been averted. And the land -- the land! -- might still be
the cornucopia it once had been!
Even without the cooperation of all the tribes,
in its first year the war went well. Many white
settlements were burned, and the whites were pushed
back from the frontier.
But the Wampanoag's enemies, sensing an
advantage, allied with the English against them -- the

Pequots and Mohegans and Mohawks, who drove

them from their winter quarters and harassed them
Arrgh! King Philip took another slug of
whiskey. If only he had been the sachem of the
Mohawks! Instead of driving King Philip from his
winter haven, he would have thrown a thousand
warriors into the fight! He imagined them descending
on the little trading post at Albany and setting it
aflame! He swung his empty arms, in his fantasy each
one gripping a tomahawk, and felt the shattering of
white skulls beneath his clenched fists.
This was what he lived for.
By day he was doing well. He was a large man
with pronounced tribal features and bronze skin,
which was one reason Charles Buckman was pleased to
hire and advance him. The mainly white guests
expected Indians at an Indian-owned resort, and King
Philip fulfilled their expectations, for which they
tipped him handsomely.
By night he crushed their skulls, drove knives
between their ribs, set them and their homes ablaze,
whooped inwardly as their remnants fled to their
vessels and set sail from his native shores.
For King Philip, Thanksgiving was the blackest
day of the year. The hotel, naturally, made a big thing
of it as the guests poured in for the four-day weekend.
There was a Thanksgiving scene in the lobby, complete
with Squanto and Massasoit figurines leading a
delegation of Wampanoags bearing five slaughtered
deer on poles.

The Thanksgiving exhibit at the resort museum

detailed the Wampanoag's shame, bragging about how
the native tribes had befriended and saved the
Pilgrims, saying nothing, of course, about how that
friendship had been betrayed.
After all, the white guests had come for a good
King Philip hated each couple as he took them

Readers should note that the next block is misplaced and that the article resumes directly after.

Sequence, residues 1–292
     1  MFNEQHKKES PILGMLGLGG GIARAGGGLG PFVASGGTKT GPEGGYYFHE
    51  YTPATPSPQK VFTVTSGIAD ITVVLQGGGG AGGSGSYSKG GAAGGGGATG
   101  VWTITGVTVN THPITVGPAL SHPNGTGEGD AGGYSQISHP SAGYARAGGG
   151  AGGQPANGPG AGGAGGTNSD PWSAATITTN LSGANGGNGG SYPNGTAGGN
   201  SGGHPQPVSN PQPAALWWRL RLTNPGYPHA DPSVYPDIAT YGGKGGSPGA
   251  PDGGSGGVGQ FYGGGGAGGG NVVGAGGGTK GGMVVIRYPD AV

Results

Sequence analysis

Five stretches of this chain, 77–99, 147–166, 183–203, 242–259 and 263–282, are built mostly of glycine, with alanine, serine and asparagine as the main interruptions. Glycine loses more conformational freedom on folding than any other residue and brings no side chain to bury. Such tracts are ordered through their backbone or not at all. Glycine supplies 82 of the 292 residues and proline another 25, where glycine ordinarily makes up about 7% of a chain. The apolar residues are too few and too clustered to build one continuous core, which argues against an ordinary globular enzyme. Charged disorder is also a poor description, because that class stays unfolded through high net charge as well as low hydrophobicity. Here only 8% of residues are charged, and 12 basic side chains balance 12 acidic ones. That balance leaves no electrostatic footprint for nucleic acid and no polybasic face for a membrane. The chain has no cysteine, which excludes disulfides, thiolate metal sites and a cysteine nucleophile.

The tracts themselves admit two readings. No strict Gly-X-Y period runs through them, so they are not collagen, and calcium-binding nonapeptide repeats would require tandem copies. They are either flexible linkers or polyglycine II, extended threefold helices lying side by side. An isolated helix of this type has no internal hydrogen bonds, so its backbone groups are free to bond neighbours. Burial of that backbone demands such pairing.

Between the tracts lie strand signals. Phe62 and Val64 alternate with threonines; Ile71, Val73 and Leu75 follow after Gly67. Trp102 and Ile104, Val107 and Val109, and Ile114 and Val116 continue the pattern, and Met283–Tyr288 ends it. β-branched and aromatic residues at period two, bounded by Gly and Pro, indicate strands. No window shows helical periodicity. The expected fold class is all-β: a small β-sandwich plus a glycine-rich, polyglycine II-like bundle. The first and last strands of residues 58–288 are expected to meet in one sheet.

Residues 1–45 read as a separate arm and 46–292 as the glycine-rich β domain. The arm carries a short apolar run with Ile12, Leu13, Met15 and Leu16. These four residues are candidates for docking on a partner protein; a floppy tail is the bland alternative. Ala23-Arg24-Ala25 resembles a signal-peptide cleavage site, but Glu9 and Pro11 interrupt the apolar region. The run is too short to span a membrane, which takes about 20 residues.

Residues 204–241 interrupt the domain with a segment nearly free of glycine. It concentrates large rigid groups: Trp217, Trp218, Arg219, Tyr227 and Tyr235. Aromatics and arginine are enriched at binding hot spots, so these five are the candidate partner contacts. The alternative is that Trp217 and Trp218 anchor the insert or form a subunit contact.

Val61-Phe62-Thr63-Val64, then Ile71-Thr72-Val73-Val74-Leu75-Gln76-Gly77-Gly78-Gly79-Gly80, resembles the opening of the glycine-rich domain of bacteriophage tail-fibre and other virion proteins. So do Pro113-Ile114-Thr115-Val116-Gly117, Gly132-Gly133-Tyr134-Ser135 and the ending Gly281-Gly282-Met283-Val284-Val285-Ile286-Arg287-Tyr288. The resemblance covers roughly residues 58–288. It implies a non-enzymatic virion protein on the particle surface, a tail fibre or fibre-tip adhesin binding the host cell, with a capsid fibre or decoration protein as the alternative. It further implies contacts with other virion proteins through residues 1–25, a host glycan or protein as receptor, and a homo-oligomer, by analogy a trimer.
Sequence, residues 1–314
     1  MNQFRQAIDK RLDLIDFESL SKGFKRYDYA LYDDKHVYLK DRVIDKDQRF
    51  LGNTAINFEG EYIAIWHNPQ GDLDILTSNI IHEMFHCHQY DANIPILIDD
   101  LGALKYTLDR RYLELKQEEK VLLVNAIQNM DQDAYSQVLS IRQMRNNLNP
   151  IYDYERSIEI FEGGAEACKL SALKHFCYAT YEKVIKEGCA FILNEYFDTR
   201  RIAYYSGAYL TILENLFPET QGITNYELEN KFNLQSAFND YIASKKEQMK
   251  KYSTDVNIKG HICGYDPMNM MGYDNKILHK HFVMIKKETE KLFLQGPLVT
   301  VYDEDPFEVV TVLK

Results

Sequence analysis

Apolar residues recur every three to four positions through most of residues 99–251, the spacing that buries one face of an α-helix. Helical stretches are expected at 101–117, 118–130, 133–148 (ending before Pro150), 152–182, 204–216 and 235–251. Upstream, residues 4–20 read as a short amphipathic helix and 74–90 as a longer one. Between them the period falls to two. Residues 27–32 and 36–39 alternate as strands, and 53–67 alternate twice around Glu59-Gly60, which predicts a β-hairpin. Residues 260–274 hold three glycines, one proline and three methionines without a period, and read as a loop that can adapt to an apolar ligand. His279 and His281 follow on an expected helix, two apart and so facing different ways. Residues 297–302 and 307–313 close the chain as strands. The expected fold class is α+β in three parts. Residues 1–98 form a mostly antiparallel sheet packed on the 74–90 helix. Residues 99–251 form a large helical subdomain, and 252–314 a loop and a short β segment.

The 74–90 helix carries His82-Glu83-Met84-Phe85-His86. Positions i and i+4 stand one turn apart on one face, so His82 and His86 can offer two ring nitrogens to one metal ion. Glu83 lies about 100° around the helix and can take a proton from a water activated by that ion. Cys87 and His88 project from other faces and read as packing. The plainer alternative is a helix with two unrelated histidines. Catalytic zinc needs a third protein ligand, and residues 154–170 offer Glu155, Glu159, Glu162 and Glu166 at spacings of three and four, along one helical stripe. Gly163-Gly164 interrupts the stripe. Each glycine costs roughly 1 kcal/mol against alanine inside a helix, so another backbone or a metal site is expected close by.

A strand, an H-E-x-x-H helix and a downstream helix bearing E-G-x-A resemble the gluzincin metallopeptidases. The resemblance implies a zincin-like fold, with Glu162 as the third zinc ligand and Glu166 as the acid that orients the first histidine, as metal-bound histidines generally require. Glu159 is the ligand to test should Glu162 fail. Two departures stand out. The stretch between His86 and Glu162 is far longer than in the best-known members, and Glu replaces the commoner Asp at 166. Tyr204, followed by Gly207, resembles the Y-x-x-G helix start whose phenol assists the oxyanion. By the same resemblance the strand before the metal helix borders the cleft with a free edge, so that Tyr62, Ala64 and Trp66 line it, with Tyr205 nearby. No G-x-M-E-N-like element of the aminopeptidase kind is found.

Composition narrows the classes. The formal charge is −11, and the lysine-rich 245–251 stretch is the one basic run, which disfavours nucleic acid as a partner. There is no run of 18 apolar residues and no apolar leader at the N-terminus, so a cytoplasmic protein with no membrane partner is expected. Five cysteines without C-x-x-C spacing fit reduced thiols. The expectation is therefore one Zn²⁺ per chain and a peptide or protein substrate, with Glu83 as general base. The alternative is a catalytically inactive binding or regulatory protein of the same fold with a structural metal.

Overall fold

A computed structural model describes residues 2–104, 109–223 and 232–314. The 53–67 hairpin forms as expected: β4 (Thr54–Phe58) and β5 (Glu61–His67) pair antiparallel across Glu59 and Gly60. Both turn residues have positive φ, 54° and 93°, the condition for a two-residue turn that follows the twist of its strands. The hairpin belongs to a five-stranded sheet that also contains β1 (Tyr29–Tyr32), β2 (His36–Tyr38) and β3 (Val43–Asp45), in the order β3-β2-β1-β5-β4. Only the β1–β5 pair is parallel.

to their room. Most of their ancestors had been in
Ireland or Germany or Russia when his people had
been massacred, but that didn't matter. What mattered
was that they had a right to come here to enjoy the
fruits of that suffering. And for that, he could not
forgive them.
That night, when he got back to his room, he
got drunk quickly and staggered back out onto the
street. The room could not contain his rage. He
needed to hold the entire lost continent in his arms.
As he swayed along the streets of Stonington
lined with two- and three-century-old wooden houses,
he looked in through the windows at Thanksgiving
dinners, savoring his anger, which grew at each scene.
There were the victors celebrating the destruction of
his people! This was the moment when the death
march of the whites from shore to shore had begun!
What had he to be thankful for? The
impoverished remnants of his people lay like rags
across the continent, their land gone, their culture
gone, their way of life gone, waiting to be swallowed
up into the swollen belly of the enemy, losing their
memory, their history, their rage.

He pounded on a door at random, giving out

an unearthly whoop! as it opened and falling upon the
elderly man who opened it, beating him with his fists
and finally biting his ear off as he pounded his head
against the concrete sidewalk.
He felt himself being drawn frantically off his
victim, then suddenly fell slack, realizing that this was
no longer fantasy. He felt the two parts of him
suddenly slide back into each other, become one, and
as he waited passively for the police to come he felt
strangely relieved, as though he were a child waiting to
be taken home.